As I mentioned recently, 2022 was tough for me. Some of my friends were excited about Like a Dragon, but I didn’t want to play it until I played all of the other Yakuza games because that’s what I’m like. I hate skipping things.
During this stressful year I found it easy to move from one Yakuza game to the next without having to apply new and unique brain power to an entirely new game. As such, I played almost only Yakuza series games. I’m afraid to find out how many hours I spent on them when I turn on my ps5 to install Like a Dragon. It’s going to be a lot.
Anyway here’s the list in reverse order to build suspense. This list is ordered to my own tastes and therefore you cannot judge me.
7. Yakuza 6
Yakuza 6 has a really solid story and a lot of good characters, but I really hate the Dragon engine for Yakuza games. I feel like it could work for a game like Judgement that isn’t the same sort of power fantasy as Yakuza, and it seems like they do good work with it in Like a Dragon, but I find it feels bad for Kiryu and also, it’s ugly. Everyone’s so stiff and it’s awful. I really hate it.
Again, the story of Yakuza 6 is quite good, and I think it’s a good finale for Kiryu. However the game suffers with the Dragon engine and having some fan-favorite characters take a back seat. I understand that they had to be set aside in order for Kiryu to end up where he does, but I missed them anyway.
6. Yakuza Kiwami 2
Yakuza 2 feels much weaker when it comes to plot construction compared to Yakuza Kiwami, which has been brushed up in a lot of respects. It also suffers with the Dragon engine, which is stiff even while it is beautiful.
While the plot doesn’t feel quite as strong as in Yakuza 6, Yakuza Kiwami 2 beats it in a contest just by having the cabaret club minigame.
More importantly, it has Sayama, who I like very much, and the story does her dirty the whole time. Her character is excellent in spite of how little the game serves her as anything more than a plot device. I also really love Daigo, and felt like he also wasn’t fully utilized. The series would disappoint me time and time again in that respect.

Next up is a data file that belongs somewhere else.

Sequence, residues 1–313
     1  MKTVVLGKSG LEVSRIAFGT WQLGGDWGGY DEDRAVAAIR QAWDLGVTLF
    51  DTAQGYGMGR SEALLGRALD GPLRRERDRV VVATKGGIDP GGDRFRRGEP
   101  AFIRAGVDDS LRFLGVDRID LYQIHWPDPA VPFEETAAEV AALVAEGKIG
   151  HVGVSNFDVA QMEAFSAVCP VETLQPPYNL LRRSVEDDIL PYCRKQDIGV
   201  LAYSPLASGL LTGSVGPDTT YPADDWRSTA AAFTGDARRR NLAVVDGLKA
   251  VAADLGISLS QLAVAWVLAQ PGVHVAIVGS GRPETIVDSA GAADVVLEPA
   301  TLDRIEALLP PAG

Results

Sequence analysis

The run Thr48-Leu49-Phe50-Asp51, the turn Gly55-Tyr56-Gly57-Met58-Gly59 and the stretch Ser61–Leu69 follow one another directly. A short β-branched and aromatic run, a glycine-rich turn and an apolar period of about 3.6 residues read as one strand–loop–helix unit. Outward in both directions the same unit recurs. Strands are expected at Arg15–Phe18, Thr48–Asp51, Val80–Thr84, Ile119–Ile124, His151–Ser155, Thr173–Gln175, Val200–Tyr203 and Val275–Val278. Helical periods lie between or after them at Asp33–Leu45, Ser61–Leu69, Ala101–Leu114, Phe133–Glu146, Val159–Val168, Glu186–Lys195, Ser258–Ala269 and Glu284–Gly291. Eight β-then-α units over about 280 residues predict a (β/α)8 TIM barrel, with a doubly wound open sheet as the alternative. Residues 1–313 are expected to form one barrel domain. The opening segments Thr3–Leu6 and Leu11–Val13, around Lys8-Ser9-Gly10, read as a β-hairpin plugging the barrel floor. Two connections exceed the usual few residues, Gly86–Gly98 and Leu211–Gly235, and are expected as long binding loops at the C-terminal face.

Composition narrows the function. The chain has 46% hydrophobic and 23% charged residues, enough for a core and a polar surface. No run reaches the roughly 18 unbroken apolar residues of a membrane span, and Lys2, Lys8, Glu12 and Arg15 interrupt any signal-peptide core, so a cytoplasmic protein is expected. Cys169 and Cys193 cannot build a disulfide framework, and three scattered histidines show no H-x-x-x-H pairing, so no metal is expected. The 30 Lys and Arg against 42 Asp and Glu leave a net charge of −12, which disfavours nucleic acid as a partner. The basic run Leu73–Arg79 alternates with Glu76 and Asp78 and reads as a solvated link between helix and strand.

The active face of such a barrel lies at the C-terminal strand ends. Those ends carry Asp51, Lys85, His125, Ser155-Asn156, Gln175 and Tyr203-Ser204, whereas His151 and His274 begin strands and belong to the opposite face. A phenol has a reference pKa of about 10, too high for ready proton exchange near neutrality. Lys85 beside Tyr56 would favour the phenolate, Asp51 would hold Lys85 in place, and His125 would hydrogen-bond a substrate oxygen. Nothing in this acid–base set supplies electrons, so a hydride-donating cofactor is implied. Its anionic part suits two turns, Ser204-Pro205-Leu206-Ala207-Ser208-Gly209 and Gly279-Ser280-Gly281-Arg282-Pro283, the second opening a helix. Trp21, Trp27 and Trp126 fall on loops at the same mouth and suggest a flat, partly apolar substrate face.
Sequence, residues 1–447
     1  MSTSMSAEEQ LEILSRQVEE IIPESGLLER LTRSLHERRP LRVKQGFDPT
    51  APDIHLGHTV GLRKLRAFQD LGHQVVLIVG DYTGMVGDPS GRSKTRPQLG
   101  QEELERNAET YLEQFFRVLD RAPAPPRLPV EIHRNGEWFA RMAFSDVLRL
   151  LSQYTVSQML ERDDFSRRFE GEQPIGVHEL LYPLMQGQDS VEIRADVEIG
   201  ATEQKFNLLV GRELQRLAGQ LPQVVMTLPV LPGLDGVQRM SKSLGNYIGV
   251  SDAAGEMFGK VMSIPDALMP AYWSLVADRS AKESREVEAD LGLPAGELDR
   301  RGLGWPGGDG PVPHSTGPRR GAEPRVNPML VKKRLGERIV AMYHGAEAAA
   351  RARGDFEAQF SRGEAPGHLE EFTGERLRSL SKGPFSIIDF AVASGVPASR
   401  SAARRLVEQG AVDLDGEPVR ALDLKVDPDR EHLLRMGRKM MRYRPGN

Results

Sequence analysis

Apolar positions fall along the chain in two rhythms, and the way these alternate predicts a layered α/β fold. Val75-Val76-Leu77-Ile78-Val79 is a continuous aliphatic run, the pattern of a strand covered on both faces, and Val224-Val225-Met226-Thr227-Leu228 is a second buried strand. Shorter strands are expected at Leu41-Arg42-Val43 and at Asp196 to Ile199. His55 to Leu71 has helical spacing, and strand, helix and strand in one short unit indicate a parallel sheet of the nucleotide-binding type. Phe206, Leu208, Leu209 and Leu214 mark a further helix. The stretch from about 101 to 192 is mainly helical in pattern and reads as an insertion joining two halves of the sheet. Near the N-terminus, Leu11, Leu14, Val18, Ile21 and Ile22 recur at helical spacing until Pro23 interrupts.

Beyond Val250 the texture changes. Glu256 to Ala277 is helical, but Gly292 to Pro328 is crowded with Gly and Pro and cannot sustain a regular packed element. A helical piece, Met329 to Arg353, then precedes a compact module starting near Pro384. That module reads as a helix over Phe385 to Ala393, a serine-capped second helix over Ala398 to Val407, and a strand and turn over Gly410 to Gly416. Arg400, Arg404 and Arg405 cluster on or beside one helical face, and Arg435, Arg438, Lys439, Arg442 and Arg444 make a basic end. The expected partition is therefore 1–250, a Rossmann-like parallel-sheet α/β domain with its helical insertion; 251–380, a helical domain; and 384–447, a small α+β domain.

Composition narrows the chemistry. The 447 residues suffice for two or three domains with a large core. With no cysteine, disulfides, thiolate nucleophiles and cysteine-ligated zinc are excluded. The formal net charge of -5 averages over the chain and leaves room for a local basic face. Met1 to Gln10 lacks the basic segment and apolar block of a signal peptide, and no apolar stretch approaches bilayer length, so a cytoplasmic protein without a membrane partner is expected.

5. Yakuza 5
Yakuza 5 is a game design five-car pile-up of a game and I enjoyed it very much. In my sad 2022 brain, I spent so much time playing all the minigame side plots for each playable character that maybe it’s a little embarrassing. Each one was unique and delightful, so it was something I could enjoy doing instead of thinking about depressing stuff. I was really sad when it was over.
It’s also a disaster from a narrative perspective because of how long the game is and how much time I spent losing the plot by driving a taxi or playing baseball. I wish it spent more time ruminating on Kiryu’s emotional state. I could have enjoyed an entire game about where he is psychologically in Yakuza 5, but I also wouldn’t change what it is because it was exactly what I needed and at the right time. It’s deeply flawed and deeply delightful and I’m fine with it.
I wish I could give it a higher rank just for the Akiyama dancing games.
4. Yakuza 4
I get the impression that Yakuza 4 is the series’ darling, and I can see why. The developers decided to do something really different and it was very good. The new format has its hiccups, but 4 is a great time, and we get to see a new side of Majima. Also, we’re introduced to Akiyama, who is the best and I love him.
I’d like to take a moment here on an aside and ruminate on Tanimura, the player character who doesn’t return later on in the series. It’s interesting to imagine being behind the scenes of SEGA when they were brainstorming on where to go with Yakuza 4. All these characters had to be made from whole cloth. After all this time it’s hard to imagine that it was at this time (presumably) that Saejima was conceived, considering the narrative weight he comes to carry on his own. Akiyama is beloved but loiters on the fringes of the Yakuza series’s titular subject matter. If there’s one thing that all of the Ryuu Ga Gotoku protagonists and friendlies have in common, it’s that they have a heart of gold. They might do terrible things, but when you unearth their reasons, they come from good places and are usually understandable.